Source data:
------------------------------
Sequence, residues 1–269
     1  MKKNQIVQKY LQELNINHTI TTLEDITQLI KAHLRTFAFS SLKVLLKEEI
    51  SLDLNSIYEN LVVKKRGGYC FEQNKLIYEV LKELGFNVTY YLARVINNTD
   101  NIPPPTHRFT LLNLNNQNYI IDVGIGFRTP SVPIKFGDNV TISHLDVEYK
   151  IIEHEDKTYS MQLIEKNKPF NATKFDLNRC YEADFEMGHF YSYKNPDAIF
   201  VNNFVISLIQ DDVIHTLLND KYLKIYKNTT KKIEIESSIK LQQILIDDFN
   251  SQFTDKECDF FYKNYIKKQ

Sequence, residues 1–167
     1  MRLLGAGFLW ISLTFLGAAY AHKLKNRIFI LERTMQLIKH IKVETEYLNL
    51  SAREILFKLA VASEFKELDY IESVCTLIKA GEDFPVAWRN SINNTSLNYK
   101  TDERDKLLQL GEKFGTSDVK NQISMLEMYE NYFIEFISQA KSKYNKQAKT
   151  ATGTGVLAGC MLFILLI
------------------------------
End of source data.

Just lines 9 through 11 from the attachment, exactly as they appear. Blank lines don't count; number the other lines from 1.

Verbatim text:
     1  MRLLGAGFLW ISLTFLGAAY AHKLKNRIFI LERTMQLIKH IKVETEYLNL
    51  SAREILFKLA VASEFKELDY IESVCTLIKA GEDFPVAWRN SINNTSLNYK
   101  TDERDKLLQL GEKFGTSDVK NQISMLEMYE NYFIEFISQA KSKYNKQAKT